wireless_kitchen (2006-16)

Springtime Asparagus: 

It’s what’s for dinner

by Gay Lyons

One sure sign of spring is the fresher, prettier asparagus that starts showing up in our markets. As an added bonus, asparagus is not only good, it’s good for you, packing a tremendous amount of nutritional value into each slender stalk. Asparagus is a good source of potassium, fiber, vitamin B6, vitamins A and C and thiamin; it contains no fat or cholesterol and is low in sodium and in calories—only about four per spear.

I don’t recall eating much asparagus growing up. Back then, I only saw asparagus in its unfortunate canned form. Canned asparagus is a vile, mushy substance bearing almost no resemblance to its fresh form. If the only asparagus you’ve ever eaten was canned, then you haven’t had asparagus. I dislike it so intensely that I hurry past it in the grocery store, and when I encounter a recipe calling for canned asparagus, I shudder and quickly turn the page. That’s the short rant. Call me if you want the longer, more vituperative, more adjective-filled version.

The fresh asparagus I discovered around the time I started college was a revelation. I’ve been making up for lost time by eating it regularly ever since. The best I’ve ever had was grown by our neighbors Bob and Marge, who have a small asparagus patch in their back yard. Once when they were out of town during asparagus season, they asked me to keep an eye on it and harvest a few spears a day. For about 10 days I was in asparagus heaven, breaking off stems as soon as they were tall enough and running across the street to cook them.

Asparagus is an ancient vegetable, part of the lily family and related to onions and leeks. There is a reference to it in the oldest known recipe collection, a Roman book from the third century A.D. The word itself comes from the Greek word aspharagos , which derived from the Persian word asparag , meaning sprout or shoot.

Because it grows with relative ease in different climates, asparagus is served throughout Europe, Asia and North America. In China, candied asparagus spears are a special treat. During the Renaissance, because it was believed to be an aphrodisiac, it was banned from most convents. King Louis XIV of France was so fond of it that he ordered special greenhouses built so he could enjoy it year round. Candied asparagus sounds more than a little odd, and I haven’t noticed any aphrodisiacal properties, but I can understand wanting special greenhouses for the stuff. Today, we can get fresh asparagus year round, but the best comes in the early spring.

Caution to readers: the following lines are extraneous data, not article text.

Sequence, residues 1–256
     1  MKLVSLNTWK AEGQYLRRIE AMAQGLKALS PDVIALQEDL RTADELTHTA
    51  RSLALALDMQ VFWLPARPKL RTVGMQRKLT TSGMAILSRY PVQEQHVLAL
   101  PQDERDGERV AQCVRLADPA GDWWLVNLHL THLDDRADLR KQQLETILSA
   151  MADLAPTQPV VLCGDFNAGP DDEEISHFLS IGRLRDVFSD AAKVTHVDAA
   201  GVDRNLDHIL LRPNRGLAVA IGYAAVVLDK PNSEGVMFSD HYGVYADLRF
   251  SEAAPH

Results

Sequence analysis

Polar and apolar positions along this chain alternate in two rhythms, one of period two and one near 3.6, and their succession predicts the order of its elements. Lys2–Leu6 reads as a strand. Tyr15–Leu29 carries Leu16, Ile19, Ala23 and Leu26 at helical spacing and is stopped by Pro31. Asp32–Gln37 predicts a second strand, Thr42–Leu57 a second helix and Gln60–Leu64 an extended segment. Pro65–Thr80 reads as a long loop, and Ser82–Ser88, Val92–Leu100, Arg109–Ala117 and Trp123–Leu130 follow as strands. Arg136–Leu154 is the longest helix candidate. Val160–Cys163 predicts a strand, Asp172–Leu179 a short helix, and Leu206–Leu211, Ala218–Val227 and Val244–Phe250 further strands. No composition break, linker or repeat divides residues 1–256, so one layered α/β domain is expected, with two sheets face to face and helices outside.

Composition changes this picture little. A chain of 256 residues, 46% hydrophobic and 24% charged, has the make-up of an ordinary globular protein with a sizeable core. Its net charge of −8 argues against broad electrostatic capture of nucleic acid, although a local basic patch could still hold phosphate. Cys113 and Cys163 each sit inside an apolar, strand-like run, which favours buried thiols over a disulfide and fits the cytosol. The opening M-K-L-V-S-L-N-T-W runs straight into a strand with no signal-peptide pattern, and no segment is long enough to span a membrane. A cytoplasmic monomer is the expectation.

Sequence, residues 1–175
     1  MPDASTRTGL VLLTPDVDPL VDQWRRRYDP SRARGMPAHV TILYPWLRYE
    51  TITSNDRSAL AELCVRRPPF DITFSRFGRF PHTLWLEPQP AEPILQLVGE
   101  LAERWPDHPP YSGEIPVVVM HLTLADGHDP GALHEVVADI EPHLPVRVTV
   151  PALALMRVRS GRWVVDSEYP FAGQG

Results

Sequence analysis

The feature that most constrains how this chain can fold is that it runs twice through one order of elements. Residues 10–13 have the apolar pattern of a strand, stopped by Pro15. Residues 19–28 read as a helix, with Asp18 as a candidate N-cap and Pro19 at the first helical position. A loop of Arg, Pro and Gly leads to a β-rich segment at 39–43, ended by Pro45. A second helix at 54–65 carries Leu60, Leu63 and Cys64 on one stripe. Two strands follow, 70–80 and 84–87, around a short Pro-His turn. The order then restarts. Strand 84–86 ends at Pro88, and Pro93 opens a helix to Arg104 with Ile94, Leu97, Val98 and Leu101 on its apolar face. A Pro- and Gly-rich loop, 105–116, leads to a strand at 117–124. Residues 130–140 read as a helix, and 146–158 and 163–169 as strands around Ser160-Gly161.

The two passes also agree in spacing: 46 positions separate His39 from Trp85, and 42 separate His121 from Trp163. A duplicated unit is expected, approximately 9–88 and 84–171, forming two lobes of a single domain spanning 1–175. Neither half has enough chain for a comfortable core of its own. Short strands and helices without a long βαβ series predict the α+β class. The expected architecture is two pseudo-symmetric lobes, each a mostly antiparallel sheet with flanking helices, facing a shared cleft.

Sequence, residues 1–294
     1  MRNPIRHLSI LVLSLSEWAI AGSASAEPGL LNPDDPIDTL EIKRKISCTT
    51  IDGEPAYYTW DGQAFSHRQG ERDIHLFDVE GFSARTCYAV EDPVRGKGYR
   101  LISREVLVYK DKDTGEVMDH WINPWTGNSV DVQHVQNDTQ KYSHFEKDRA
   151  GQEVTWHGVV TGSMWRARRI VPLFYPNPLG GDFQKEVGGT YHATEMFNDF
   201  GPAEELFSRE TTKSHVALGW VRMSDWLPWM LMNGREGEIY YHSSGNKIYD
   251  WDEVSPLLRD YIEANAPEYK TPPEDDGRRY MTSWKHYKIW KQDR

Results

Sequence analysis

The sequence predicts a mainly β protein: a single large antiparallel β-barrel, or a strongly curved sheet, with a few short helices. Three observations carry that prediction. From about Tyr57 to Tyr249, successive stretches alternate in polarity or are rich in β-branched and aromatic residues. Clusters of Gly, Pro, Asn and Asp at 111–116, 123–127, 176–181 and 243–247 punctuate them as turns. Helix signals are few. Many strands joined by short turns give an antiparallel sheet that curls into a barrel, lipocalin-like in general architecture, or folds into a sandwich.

Growing asparagus requires patience, but that patience is rewarded later. After planting asparagus crowns, you must wait three years before your first harvest. And the first harvest lasts only a month. Starting with year four, you can safely harvest for eight to 10 weeks. I read somewhere that a spear of asparagus can grow 10 inches in 24 hours. Now that I’d like to see! Maybe Bob and Marge will let me come over and watch their asparagus grow. Best of all, because asparagus is a perennial, one planting will yield asparagus for anywhere from 15 to 25 years.  

Since asparagus is used in so many cuisines across the world, the methods for preparing it are pretty diverse too. These websites are a good starting point for recipes using asparagus: www.recipezaar.com/r/107/429 , www.victoriaisland.net/recipes/page2.html and whatscookingamerica.net/Vegetables/AsparagusRecipes.htm .

I like my asparagus prepared simply. It’s hard to beat lightly steamed asparagus tossed with just a little butter, salt and pepper or tossed with a little olive oil and some parmesan cheese. I like asparagus mixed with pasta or baked in frittatas. I also like it roasted, which gives it a rich flavor. I recently had some asparagus wrapped in Serrano ham and broiled. If you can’t find the ham, you can do the same thing with prosciutto for an easy appetizer. Here’s a recipe for a fresh, colorful asparagus salad that is quick and easy to make.

Kathy’s Asparagus Salad